Notes Zicklin School of Business Dean and Vice President John Elliott, “The plans for the renovation are excellent, ambitious, and above all, necessary. Other than replacing the elevator operators with buttons, we have done little to maintain the space.”

A True Transformation

It’s anticipated that the entire project will take place in four phases. The building will be occupied during renovation, making the work that much more challenging. Much of the initial work involves renovation of the lobby and the main (Lexington Avenue–facing) entrance as well as basement and other infrastructure changes.

In addition to a new bank of elevators situated on the site of the old ground-floor pool, an open stairwell will service the first eight floors of the building.

The Bernie West Theatre, currently on the 9th floor, will move down to lobby level, in the space now used by the Public Safety Office. The basement floor will be lowered to accommodate the theatre, whose new location will give it enhanced visibility. Venerable Mason Hall will remain the building’s main auditorium, a showcase space that continues to host a variety of events.

To bring 17 Lex fully up to speed electrically, new Con Edison vaults will be installed under the 23rd Street sidewalk.

The building’s other 15 floors will be reorganized into three main divisions: classrooms (floors 2–7), science labs (floors 8–10), and faculty and staff offices (floors 9–16).

Renovation plans for floors 2 and above include the relocation of the 9th-floor Irving Weinstein Honors Lounge—a space that has functioned as a student lounge since the 1930s—transplanted complete with its fireplace, sconces, chandelier, and cozy wood paneling. The antiquated 6th- and 7th-floor gymnasium, replaced a decade ago by new facilities in the Newman Vertical Campus and currently in limited use, will be transformed into two large lecture halls. The old 2nd-floor library (now two classrooms) will become space devoted to Student Life.

As beneficial as the revamp will be for Baruch students, staff, and faculty, it also promises to create over 850 construction jobs, especially welcome in this economy. The Flatiron Business Improvement District, the 23rd Street Association, and Community Board 6 all support the project.

The Field Building’s makeover is obviously an immense undertaking, but one well worth the effort. Says President Wallerstein, “This long-awaited renovation will make the lives of students, faculty, and staff easier; maximize energy efficiency; and enable the Field Building at 17 Lex to be an even better neighbor to the Flatiron/Gramercy Park community. Baruch College deserves a state-of-the-art building that will thrive far into the 21st century.”

The Future Depends on You

Though the renovation of 17 Lex will be largely funded by the state, the College is ever more reliant on charitable donations from alumni and friends. The Baruch College Fund’s Baruch Means Business Campaign is in its final stretch. By December 2012, the College hopes to reach its target of $150 million, money that will guarantee the future of excellent academic programs and other crucial College initiatives.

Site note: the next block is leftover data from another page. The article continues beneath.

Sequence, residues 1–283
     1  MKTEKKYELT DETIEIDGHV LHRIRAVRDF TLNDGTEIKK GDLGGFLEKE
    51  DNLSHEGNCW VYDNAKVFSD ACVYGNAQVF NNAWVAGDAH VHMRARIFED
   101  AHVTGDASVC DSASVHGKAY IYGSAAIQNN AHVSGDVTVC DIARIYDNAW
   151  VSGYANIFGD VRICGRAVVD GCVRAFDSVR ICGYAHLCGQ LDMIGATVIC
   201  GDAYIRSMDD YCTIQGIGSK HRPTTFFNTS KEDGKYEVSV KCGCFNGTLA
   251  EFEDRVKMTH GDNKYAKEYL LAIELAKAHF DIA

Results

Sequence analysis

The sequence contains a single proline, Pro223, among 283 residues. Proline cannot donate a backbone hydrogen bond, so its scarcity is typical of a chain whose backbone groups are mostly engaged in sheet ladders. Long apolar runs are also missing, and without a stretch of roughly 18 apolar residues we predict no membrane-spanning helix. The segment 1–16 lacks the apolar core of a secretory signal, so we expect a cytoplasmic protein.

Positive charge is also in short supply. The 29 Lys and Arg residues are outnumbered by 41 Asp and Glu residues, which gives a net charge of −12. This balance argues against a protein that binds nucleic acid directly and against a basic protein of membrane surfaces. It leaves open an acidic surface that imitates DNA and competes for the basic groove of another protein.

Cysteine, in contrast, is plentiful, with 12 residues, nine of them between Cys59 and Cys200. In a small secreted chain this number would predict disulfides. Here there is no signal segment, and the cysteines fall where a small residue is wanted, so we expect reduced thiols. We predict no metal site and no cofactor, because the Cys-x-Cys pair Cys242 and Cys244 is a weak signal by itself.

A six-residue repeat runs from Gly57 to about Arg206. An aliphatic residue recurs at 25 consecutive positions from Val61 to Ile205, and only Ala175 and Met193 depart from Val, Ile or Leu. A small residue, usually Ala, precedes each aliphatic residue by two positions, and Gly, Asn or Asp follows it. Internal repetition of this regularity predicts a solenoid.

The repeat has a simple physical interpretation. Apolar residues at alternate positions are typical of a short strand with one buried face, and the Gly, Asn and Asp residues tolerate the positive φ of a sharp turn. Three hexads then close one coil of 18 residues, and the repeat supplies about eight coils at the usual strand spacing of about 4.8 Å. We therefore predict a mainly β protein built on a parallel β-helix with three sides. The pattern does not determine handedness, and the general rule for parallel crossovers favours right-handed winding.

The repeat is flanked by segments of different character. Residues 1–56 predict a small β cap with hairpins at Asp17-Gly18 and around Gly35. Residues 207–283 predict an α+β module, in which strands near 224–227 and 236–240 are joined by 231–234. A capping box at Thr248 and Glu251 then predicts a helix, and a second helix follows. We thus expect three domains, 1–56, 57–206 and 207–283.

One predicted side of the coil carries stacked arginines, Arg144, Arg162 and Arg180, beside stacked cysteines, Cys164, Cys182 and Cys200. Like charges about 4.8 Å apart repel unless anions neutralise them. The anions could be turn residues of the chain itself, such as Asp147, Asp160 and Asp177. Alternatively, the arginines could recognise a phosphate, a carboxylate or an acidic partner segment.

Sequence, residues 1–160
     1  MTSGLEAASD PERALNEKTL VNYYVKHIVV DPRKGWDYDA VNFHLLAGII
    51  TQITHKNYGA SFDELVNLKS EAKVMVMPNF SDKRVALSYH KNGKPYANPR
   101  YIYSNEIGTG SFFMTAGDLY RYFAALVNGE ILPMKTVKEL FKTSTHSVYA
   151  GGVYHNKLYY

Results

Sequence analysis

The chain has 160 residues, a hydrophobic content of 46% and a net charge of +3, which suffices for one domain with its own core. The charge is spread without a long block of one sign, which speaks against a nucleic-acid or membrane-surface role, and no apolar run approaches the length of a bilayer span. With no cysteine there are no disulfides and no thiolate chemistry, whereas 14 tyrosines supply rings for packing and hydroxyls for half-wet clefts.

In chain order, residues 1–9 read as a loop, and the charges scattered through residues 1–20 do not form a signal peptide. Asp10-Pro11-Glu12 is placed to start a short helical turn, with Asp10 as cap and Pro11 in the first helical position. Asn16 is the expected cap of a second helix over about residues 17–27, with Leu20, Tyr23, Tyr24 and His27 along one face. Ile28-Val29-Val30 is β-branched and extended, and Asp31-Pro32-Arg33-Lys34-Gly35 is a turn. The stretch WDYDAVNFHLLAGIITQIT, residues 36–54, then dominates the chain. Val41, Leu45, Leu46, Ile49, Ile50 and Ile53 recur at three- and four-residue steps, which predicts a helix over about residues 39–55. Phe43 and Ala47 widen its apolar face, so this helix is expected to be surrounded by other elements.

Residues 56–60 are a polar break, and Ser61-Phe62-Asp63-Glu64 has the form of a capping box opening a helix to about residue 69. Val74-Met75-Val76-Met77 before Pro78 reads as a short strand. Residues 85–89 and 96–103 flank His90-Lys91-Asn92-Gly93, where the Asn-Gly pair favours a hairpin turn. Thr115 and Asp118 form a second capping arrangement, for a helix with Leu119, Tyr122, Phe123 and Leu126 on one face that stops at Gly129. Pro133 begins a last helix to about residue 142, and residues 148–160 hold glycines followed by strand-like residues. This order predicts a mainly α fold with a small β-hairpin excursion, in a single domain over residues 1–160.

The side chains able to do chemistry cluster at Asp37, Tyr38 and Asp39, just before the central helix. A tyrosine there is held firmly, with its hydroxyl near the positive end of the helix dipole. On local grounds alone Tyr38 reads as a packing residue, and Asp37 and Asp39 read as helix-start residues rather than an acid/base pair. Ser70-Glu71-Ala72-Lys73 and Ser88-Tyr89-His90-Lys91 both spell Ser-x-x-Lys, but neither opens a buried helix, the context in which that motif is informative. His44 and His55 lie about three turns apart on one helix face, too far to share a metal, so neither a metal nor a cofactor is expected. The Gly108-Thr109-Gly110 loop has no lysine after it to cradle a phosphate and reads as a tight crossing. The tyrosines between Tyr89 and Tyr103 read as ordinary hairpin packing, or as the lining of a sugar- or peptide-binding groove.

Just as the Field Building’s renovation cannot take place without funding from New York State, the BCF’s mission can only be accomplished with the support of Baruch alumni like Larry Field (’52) (above), who, along with his wife, Eris, provided the generous naming gift that christened 17 Lex in 2005. As our economic climate continues to look uncertain, we rely even more on the munificence of our alumni, without whom Baruch College could not maintain its ever-more-impressive standards.

As Larry Field recently noted, “Baruch College was one of the most important turning points of my life. I became an adult in my four years of Baruch and was taught to think, to experiment, and to follow my dreams. There are even more youngsters now who need help to find themselves and cope with today’s complex life. It is our obligation to give back to help them achieve this, just as we were also helped by countless others. When I was asked by a student why I gave so much to Baruch, I answered, ‘Because without Baruch, there would be no Larry Field.’”

–Marina Zogbi

Note: Computer-generated models above of the renovated Lawrence and Eris Field Building at 17 Lexington Avenue courtesy of architectural firm Davis Brody Bond

1 Comment

  1. Last Friday, I happened across a reprint of distinguished alumnus George Weissman’s acceptance speech in June 1982, when the College honored him with a Doctor of Laws degree. His words about 17 Lexington Avenue were so inspiring that I decided to add them here:

    “In that Baruch building on 23rd Street, on that gray cement campus, we learned we are in this world together. Together we can keep changing it bit by bit. At times that may seem an overwhelming prospect. In this day, when everything seems supersized, superpowerful, superslick, many people feel individually dwarfed and impotent. But you, as individuals, have more strength than you realize in shaping our political, business, social, and communal affairs.”

    Graduate of the Class of 1939 George Weissman—for whom the College’s George and Mildred Weissman School of Arts and Sciences is named—was truly a great man, a visionary.

    —BCAM editor in chief